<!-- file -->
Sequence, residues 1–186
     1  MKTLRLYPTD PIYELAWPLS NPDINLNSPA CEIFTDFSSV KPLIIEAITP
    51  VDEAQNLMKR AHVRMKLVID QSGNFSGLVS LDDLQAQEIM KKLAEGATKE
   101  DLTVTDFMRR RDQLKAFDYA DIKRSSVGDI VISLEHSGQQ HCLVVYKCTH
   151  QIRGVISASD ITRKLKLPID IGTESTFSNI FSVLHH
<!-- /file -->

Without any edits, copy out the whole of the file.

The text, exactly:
Sequence, residues 1–186
     1  MKTLRLYPTD PIYELAWPLS NPDINLNSPA CEIFTDFSSV KPLIIEAITP
    51  VDEAQNLMKR AHVRMKLVID QSGNFSGLVS LDDLQAQEIM KKLAEGATKE
   101  DLTVTDFMRR RDQLKAFDYA DIKRSSVGDI VISLEHSGQQ HCLVVYKCTH
   151  QIRGVISASD ITRKLKLPID IGTESTFSNI FSVLHH